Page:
And what I do in anything
To do it as for Thee.

Not rudely, as a beast,
To run into an action;
But still to make Thee prepossest,
And give it his perfection.

A man that looks on glass,
On it may stay his eye;
Or if he pleaseth, through it pass,
And then the heav’n espy.

All may of Thee partake:
Nothing can be so mean,
Which with his tincture—”for Thy sake”—
Will not grow bright and clean.

A servant with this clause
Makes drudgery divine:
Who sweeps a room as for Thy laws,
Makes that and th’ action fine.

This is the famous stone
That turneth all to gold;
For that which God doth touch and own
Cannot for less be told.

While John Donne is more famous, perhaps due to his reacknowledgment by T. S. Eliot, Herbert poems are very good, too. He has also achieved the difficult task of making very good poems with positive emotions rather than melancholic or negative ones.

The poem structure: this is the only poem written this way in the collection. It has six stanzas, and each stanza has four lines. Each stanza has a 3 foot line, a 3 foot line, a 4 foot line, and a 3 foot line (for foot think stress). The feet are iambic (de-dum). The rhythm scheme is a b a’ b’, like stone/gold/own/told.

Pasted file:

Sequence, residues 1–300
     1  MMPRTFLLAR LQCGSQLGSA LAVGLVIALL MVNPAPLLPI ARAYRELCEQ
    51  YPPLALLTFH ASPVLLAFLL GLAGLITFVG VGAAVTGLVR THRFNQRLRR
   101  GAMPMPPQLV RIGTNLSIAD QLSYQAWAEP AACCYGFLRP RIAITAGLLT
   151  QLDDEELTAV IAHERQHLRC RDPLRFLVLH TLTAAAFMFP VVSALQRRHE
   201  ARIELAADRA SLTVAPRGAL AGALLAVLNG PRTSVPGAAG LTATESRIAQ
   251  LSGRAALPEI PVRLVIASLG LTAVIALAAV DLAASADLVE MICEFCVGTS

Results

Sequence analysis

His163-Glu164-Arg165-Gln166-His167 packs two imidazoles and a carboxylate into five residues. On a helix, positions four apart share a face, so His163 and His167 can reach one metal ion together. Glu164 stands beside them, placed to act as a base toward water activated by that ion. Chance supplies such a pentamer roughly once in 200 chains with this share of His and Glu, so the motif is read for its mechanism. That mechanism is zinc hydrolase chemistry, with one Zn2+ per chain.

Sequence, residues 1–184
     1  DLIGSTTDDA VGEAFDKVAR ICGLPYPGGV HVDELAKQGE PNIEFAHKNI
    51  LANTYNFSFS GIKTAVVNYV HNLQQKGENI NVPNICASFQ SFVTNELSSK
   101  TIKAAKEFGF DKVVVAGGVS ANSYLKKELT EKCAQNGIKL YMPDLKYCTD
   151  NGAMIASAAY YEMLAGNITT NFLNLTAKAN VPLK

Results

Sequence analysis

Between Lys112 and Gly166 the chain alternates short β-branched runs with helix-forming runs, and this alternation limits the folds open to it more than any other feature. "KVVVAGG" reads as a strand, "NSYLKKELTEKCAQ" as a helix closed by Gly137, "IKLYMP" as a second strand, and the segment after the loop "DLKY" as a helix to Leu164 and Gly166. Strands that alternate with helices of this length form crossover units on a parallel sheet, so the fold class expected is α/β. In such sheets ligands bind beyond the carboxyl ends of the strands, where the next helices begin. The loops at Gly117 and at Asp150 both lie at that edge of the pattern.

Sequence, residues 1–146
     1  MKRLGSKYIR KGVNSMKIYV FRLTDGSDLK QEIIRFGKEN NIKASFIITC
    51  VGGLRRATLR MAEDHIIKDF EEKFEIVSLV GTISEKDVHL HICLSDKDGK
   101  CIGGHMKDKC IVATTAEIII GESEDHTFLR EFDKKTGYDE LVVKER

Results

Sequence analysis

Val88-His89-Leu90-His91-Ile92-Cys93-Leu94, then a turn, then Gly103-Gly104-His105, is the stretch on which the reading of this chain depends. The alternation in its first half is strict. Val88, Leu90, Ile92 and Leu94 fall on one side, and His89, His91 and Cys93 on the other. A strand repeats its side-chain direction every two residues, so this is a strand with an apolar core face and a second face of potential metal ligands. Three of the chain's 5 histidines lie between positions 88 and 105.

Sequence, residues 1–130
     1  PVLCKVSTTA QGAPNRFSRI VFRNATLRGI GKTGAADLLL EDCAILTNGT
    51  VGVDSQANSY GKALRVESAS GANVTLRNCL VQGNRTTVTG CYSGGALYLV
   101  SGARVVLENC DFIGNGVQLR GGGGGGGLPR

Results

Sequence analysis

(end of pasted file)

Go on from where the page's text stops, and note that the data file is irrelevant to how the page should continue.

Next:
Each stanza is broken into two parts: (stanza one) seeing and doing; (stanza two) negative and positive action; (stanza three) looking through or at a glass; (stanza four) good action and how; (stanza five) role and action; and (stanza six) image and explanation.

“in 1610 he [George Herbert] declared that “my poor abilities in poetry shall be all, and ever consecrated to God’s glory”…”  
Read more at George Herbert’s Life Before Bemerton

“While he and his wife Jane had no children of their own, they adopted his three orphaned nieces who lived with them in the rectory. They were generous in their hospitality to both parishioners and strangers, and sought to fashion their family life according to the way of Christ…”
Read more at George Herbert – The Bemerton Years

CHRISTIAN POETRY